Friday, September 30, 2011
You know what feels like fingernails on blackboard, chili on the tongue, acid on your skin?
When translations in movies get ... uh... messed up (yeah I was going to use a different word but if I do I'll get my wrist slapped and... oh well).
I write in English. Or rather, in American. I've chosen this language because I think it is beautiful, melodic, poetic, and as fluid as a brook in a forest. Don't look at me like that, if you think I'm crazy read some good literature for a change and don't listen to the guy next to you on the subway. English is wonderful. I like it better than my native German. Well, it wasn't quite that native. I grew up speaking three languages. German with my mother, English with my father, and Portuguese out on the street with my friends, in Brazil, where we lived for some years.
Right now, it's a Friday night. I'm chilling. Having a drink (vodka bitter lemon, with a LOT of bitter lemon) and watching TV, and I'm a happy chick because I've figured out why I'm writing the novel I'm writing, where it will lead and how it will end, and all I have to do now is write it down, which isn't the hardest task in the world and only needs some patience.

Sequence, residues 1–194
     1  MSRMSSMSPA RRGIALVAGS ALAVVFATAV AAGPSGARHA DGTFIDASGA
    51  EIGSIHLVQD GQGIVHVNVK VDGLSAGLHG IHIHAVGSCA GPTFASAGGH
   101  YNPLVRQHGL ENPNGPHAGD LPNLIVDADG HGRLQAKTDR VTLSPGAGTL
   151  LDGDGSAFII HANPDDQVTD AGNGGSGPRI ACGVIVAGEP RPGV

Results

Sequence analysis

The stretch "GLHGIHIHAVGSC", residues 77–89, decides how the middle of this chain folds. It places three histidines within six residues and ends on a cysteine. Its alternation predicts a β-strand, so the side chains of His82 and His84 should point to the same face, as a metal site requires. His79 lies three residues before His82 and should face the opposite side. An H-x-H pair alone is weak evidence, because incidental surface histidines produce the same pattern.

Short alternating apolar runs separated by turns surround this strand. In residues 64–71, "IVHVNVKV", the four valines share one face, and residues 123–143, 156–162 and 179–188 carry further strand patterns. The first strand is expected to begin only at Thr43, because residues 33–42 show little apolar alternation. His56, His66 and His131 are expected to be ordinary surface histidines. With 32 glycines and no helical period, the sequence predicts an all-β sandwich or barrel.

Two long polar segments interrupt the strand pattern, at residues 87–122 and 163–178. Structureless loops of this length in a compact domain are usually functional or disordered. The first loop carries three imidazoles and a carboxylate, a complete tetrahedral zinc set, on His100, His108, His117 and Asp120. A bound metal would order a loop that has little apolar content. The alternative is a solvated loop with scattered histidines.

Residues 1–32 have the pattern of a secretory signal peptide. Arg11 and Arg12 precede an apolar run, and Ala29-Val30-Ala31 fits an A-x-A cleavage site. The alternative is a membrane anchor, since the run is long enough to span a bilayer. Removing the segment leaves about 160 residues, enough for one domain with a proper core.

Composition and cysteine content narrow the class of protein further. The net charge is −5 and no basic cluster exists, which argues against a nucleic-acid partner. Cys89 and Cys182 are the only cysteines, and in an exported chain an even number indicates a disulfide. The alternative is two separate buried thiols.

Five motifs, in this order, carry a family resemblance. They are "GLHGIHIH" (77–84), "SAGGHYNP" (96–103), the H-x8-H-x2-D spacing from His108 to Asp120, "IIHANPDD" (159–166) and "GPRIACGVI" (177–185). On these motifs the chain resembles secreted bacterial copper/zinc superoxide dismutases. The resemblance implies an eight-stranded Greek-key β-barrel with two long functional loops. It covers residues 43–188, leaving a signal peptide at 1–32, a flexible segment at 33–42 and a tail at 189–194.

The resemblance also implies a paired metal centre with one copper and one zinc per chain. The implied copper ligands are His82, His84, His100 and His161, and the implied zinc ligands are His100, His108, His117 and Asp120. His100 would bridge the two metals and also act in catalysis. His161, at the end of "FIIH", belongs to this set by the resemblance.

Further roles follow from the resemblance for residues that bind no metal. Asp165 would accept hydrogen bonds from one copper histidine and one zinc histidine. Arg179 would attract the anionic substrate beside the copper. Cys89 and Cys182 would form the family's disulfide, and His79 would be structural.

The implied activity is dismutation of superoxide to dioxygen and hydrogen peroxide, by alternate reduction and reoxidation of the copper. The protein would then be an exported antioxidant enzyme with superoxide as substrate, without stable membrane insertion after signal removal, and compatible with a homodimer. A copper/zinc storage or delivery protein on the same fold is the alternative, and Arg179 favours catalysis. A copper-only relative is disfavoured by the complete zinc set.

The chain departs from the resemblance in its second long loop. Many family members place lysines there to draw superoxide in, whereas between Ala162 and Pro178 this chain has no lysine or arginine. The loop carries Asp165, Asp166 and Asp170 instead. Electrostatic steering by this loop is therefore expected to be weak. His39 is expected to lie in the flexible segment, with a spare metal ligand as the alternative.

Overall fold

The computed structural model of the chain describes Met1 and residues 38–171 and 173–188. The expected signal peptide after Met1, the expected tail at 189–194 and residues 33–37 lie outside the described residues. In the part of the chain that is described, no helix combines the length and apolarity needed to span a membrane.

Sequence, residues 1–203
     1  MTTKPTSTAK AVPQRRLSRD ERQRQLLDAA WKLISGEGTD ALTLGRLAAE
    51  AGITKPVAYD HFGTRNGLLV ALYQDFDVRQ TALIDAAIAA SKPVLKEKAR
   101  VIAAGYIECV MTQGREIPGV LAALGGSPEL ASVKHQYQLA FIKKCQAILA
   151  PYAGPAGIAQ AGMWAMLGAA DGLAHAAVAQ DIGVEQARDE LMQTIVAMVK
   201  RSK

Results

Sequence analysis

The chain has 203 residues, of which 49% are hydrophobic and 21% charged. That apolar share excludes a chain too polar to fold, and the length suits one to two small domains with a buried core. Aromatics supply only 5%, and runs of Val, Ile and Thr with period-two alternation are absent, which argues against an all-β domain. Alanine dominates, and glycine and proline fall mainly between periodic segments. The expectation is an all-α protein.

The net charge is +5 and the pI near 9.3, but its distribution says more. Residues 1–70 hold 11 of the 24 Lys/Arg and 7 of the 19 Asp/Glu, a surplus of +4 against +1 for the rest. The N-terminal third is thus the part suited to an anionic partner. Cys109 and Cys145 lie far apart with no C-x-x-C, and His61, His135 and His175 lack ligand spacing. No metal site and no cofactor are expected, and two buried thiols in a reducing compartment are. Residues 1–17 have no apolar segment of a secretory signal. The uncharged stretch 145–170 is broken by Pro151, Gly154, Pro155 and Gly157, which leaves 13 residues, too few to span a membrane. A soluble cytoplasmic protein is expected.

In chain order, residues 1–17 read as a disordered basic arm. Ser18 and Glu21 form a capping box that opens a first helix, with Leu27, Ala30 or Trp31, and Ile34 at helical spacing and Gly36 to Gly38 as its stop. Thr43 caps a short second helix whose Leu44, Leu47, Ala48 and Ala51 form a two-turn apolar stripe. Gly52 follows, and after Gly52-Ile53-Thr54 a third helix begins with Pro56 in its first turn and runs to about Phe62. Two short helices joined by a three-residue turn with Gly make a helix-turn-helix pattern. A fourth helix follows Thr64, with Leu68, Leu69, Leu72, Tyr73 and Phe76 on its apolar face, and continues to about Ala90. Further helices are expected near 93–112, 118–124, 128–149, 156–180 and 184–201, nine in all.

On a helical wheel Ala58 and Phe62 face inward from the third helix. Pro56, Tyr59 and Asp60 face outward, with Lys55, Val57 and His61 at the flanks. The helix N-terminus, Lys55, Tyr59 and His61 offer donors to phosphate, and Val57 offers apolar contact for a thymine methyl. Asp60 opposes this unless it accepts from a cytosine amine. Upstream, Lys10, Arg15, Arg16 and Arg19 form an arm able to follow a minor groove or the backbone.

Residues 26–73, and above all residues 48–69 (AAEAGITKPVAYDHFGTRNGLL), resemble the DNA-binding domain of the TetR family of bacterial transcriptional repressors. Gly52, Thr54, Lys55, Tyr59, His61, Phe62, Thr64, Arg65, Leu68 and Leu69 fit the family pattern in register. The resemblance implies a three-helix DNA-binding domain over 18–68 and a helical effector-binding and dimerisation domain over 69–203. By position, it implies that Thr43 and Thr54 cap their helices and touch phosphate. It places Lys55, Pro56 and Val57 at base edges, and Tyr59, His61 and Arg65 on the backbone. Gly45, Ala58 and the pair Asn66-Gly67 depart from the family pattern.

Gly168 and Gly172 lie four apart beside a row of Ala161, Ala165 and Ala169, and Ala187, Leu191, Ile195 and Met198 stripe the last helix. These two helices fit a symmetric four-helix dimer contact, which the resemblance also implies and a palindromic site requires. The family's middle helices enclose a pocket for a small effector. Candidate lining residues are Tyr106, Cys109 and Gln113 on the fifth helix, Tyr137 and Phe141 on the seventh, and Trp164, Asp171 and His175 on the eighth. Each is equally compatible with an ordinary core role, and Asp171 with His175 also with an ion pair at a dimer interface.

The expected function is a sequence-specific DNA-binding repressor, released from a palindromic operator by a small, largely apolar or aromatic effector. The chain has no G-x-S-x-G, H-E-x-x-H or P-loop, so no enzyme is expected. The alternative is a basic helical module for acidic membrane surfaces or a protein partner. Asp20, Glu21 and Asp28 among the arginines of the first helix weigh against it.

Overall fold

So I'm sitting here and watching Castle, a silly, pretty brainless US crime show, and WHAM it hits me like a hammer.
There are words that sound similar in German and English, and yet they have a totally different meaning. And when you KNOW it's a translation, they become totally hilarious.
Serious? The German word is "ernst".
There is a German word, "seriös", and it means "respectable".
Oh, how often these are messed up!
Another beauty: "sensible". German word: "vernünftig".
The similar German word: "sensibel". Meaning: "sensitive".
Oh, and this one: "become". Strangely enough, it translates into an auxiliary in German, "werden".
The German "bekommen" means "to get".
This one is my hubby's favorite: A "billion". Hey, that's a lot of money, right? But in German, the equivalent amount of $$$ would be "Milliarde", and a German Billion would be a thousand American Billions. Bring it on, I say.
There are some more. I'm not a translator, so generally I don't bother with these things. but just now, watching Castle, hearing one of these monstrosities, I felt myself hoping that if my book ever gets translated into German there won't be any of these mistakes.
For good measure, I'm going over the manuscript and removing every "billion" I can find.
My characters aren't THAT wealthy.